Reliability Assessment Using Physics-of-Failure Principles, Modeling and Simulation

Reliability Assessment Using Physics-of-Failure Principles, Modeling and Simulation

4-minute read
Circuit board

One of the most important aspects of Reliability and Maintainability is understanding how things fail. Engineers can only make systems reliable if they understand what makes them unreliable.

Physics of failure is an engineering-based approach to reliability that begins with an understanding of materials, processes, physical interactions, degradation and failure mechanisms, as well as identifying failure models. The approach uses modeling and simulation to qualify a design and manufacturing process, with the ultimate intent of eliminating failures early in the design process by addressing the root cause. The physics-of-failure analysis proactively incorporates reliability into the design process by establishing a scientific basis for evaluating new materials, structures and technologies.

While physics of failure is practiced throughout the reliability industry, it is especially important at NASA throughout the design and build process and new technology development, where hardware is subjected to a complex set of stress interactions on complex designs and systems.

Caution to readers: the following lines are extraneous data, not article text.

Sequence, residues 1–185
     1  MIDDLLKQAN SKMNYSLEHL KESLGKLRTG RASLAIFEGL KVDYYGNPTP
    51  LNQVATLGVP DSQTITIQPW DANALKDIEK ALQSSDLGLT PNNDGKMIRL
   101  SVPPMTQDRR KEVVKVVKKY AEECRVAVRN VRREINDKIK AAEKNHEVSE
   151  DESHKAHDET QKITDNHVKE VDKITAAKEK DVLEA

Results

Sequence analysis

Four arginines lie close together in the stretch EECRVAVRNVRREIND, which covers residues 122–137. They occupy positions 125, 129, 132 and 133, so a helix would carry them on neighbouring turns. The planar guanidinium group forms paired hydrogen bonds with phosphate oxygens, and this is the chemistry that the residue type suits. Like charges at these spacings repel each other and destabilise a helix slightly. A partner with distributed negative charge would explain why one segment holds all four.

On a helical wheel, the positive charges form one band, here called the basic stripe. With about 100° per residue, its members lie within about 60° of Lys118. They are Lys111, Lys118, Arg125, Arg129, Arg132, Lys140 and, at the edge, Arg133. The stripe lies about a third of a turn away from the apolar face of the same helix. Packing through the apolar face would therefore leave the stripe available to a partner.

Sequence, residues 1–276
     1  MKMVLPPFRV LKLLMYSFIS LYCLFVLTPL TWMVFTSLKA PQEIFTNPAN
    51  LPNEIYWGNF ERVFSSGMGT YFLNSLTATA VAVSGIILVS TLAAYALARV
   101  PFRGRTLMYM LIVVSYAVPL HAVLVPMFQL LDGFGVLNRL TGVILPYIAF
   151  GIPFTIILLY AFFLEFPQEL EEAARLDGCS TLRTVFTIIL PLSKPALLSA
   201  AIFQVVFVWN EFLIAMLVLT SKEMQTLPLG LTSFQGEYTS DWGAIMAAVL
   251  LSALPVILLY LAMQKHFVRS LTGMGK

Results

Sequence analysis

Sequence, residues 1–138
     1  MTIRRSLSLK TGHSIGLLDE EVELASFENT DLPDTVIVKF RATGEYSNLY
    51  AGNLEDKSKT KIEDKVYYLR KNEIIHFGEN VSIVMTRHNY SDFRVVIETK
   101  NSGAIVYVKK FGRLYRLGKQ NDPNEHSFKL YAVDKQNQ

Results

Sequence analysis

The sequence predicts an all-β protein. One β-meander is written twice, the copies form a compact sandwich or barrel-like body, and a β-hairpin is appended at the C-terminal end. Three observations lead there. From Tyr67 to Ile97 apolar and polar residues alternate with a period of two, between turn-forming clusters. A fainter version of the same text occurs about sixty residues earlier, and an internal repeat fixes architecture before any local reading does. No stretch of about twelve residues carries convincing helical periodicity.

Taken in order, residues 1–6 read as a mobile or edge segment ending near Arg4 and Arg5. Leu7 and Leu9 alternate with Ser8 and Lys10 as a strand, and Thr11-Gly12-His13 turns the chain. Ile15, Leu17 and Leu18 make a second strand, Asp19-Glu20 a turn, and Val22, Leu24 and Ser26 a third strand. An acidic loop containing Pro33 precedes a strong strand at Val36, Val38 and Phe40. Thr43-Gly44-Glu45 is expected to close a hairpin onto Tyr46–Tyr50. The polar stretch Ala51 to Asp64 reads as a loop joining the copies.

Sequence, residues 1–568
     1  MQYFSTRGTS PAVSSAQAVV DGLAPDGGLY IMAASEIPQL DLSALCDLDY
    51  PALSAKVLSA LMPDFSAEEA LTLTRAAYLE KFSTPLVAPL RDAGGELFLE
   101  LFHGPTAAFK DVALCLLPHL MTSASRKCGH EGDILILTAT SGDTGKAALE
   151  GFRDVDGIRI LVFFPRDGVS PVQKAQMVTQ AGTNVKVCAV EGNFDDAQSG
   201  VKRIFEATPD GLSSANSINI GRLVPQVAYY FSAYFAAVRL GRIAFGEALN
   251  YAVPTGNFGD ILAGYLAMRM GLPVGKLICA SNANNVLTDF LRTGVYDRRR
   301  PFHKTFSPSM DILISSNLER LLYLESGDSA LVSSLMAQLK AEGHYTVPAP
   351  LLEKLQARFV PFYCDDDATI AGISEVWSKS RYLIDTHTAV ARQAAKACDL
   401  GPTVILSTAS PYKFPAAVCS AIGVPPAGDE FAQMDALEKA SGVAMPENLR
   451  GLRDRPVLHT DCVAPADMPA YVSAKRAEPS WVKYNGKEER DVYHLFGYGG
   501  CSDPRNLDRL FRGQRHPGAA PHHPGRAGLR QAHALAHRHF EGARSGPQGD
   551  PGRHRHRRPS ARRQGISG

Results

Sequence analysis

Understanding Failure

 “In simple terms, reliability is the ability of a product to perform the function for which it was intended for a specified period of time (or cycles) for a given set of life cycle conditions,” according to Bhanu Sood, a Commodity Risk Assessment Engineer in the Quality and Reliability Division of the Safety and Mission Assurance Directorate at Goddard Space Flight Center. “When we say something has stopped being reliable, it has stopped performing the function for which it was intended. It has reached the end of its life. That could be in 10 years, 20 seconds or a fraction of a second, depending on the use scenario.”

The physics-of-failure approach involves understanding the technical engineering perspective of when, why and how things fail. It builds in reactions between the components of a system and includes design architecture trade-offs, design analysis validation, operational environment validation, integration of human factor concerns and technical evaluations of related program risks.

Tools of the Trade

Using the system- or subsystem-level electronic assembly information such as a drawings, layout, bills of materials and materials of construction, a physics-of failure practitioner can create a virtual model to simulate different interaction of the materials and the effects of stress conditions on the assembly.

For example, a physics-of-failure practitioner can conduct a preliminary analysis to evaluate how a specific design performs under thermal load without having to physically build a test sample and perform a test. This virtual assessment highlights the weakest points in the design, thereby informing the design and engineering team about the weak links. In many instances, design decisions are made based on the weak links in the interpretive design, which can help in making the hardware more robust in its intended end use condition.